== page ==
Time: Monday, Wednesday
4:005:20pm
Location: Sennott Square, Room 5313
Instructor: Milos
Hauskrecht
Computer Science Department
5329 Sennott Square
phone: x48845
email: milos@cs.pitt.edu
office hours: by appointment
Course description
Lectures
Readings
Paper presentations
Projects
The Advanced Topics in AI is a seminar course and this year it will focus on probabilistic graphical models. Probabilistic graphical models are used to model stochasticity (uncertainty) in the world and are very popular in AI and machine learning. The course will cover two classes of graphical models: Bayesian belief networks (also called directed graphical models) and Markov Random Fields (undirected models). After introducing the two frameworks the course will focus on recent advances in inferences and learning with graphical models, including topics such as loopy belief propagation, variational approximations, conditional Markov random fields and others.
Prerequisites
CS 2710 Foundations of AI, CS 2750 Machine Learning , or the permission of the instructor.
Tentative topics to be covered:
Other books related to the topic:
Lectures  Topic(s)  

August 29  Administrivia and Course Overview.
Readings:
 
August 31  Representing uncertainty with probabilities. BBNs
Readings:
 
September 7  Probabilistic
graphical models. Intro to BBN inference. Markov random fields.
Readings:
 
September 12  BBN
representation (David Essary)
Readings:
 
September 14  BBN
inference. Complexities. Variable elimination algorithm. (Amruta Parundare)
Readings:
 
September 19  Variable
elimination in undirected graphs. Treewidth. (Milos) Complexities. Conditioning. ( Collin Lynch) Readings:
 
September 21  Clique
tree. Message passing framework. (Tomas Singliar)
Readings:
 
September 26  Monte Carlo
approximation I. (presented by Hua Ai)
Readings:
 
September 28  Monte Carlo
approximation II. (presented by Chang Liu)
Readings:
 
October 3 
Readings:
 
October 5  Local
probability models (presented by Jiang Zheng)
Readings:
 
October 10 
Readings:
 
October 12 
Readings:
 
October 17 
Readings:
 
October 19 
Readings:
 
October 24 
Readings:
 
October 26 
Readings:
 
October 31 
Readings:
 
November 2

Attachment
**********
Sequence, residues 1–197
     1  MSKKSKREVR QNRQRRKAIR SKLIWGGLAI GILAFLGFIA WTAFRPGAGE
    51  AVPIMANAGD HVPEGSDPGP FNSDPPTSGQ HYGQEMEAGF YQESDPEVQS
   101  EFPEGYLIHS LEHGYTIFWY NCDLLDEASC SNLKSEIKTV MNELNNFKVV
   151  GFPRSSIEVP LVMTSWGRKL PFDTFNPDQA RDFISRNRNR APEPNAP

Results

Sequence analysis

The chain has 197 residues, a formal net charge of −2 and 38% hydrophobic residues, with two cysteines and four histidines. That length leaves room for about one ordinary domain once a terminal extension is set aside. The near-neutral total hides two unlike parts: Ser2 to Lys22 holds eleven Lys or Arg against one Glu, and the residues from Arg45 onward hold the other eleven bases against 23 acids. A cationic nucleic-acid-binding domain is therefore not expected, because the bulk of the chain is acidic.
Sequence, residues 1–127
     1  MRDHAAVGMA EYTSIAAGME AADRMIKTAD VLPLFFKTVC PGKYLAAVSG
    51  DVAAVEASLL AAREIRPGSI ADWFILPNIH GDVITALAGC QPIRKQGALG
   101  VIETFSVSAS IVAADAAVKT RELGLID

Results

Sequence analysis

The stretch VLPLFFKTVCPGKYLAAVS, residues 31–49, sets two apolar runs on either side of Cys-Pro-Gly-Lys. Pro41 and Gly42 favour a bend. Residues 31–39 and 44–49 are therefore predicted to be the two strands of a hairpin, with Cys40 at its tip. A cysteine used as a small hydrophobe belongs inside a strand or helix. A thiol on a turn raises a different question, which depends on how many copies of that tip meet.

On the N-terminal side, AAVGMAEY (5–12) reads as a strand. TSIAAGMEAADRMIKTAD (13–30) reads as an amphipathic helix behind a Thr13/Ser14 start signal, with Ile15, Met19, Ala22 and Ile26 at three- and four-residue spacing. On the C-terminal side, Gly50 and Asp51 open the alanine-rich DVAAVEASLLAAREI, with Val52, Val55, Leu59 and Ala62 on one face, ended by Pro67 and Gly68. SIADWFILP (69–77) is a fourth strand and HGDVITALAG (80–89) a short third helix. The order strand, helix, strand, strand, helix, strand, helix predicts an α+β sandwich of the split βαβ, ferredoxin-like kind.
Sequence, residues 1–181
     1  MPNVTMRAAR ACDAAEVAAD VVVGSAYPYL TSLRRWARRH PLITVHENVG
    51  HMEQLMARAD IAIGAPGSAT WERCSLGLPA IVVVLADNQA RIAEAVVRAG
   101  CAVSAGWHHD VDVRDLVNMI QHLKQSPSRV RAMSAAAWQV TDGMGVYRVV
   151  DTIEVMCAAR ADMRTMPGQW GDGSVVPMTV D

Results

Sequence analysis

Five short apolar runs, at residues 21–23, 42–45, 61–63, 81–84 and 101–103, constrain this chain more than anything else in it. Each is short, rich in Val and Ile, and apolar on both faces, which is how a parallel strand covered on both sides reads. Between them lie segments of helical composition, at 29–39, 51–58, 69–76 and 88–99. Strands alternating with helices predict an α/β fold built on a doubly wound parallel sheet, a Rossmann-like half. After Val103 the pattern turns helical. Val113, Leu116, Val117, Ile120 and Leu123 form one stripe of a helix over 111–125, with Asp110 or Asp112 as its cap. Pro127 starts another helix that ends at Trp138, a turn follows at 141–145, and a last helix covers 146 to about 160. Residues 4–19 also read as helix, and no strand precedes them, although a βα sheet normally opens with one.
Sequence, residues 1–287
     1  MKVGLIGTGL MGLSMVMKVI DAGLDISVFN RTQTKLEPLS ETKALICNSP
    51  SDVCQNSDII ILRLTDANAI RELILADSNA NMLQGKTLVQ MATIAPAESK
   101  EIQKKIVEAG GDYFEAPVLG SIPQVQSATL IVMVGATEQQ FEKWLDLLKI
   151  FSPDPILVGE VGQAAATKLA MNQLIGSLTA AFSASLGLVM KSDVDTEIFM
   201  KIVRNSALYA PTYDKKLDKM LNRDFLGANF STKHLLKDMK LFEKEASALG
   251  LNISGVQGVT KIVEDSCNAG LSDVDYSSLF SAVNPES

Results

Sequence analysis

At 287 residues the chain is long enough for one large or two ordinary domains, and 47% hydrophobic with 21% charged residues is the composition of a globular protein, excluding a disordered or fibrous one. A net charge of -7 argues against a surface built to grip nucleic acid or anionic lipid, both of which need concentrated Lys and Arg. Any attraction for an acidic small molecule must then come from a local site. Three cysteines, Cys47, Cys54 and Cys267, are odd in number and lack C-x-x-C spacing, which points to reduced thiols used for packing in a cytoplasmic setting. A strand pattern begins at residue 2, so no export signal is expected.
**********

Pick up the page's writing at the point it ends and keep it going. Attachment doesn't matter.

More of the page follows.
Readings:
 
November 8 
Readings:  
November 14 
Readings:
 
November 16 
Readings:
 
November 21 
Readings:
 
November 28  No class  
November 30 
Readings:
 
December 5 
Readings:

Readings will be assigned before the class at which the discussion on the topic covered by the paper takes place. Most of the readings will be electronic, however, some readings will be in the paper form or from the books.
Course material:
A Brief Introduction to Graphical Models and Bayesian Networks by Kevin Murphy
Each student is expected to lead discussions on 1 or 2 topics
and related papers during the semester.
There are no homeworks and exams in this course. However, students will be asked to prepare, submit and present two projects. The first project will be due in the middle of the semester. The topic of the final project (due at the end of the semester) will be chosen by a student from the list of topics. The final project report should take a form and read like an AI conference submission.
All the work in this course should be done independently. Collaborations on projects are not permitted. Cheating and any other antiintellectual behavior, including giving your work to someone else, will be dealt with severely. If you feel you may have violated the rules speak to us as soon as possible.
Please make sure you read, understand and abide by the Academic Integrity Code for the Faculty and College of Arts and Sciences.
Students With Disabilities
If you have a disability for which you are or may be requesting an accommodation, you are encouraged to contact both your instructor and Disability Resources and Services, 216 William Pitt Union, (412) 6487890/(412) 3837355 (TTY), as early as possible in the term. DRS will verify your disability and determine reasonable accomodations for this course.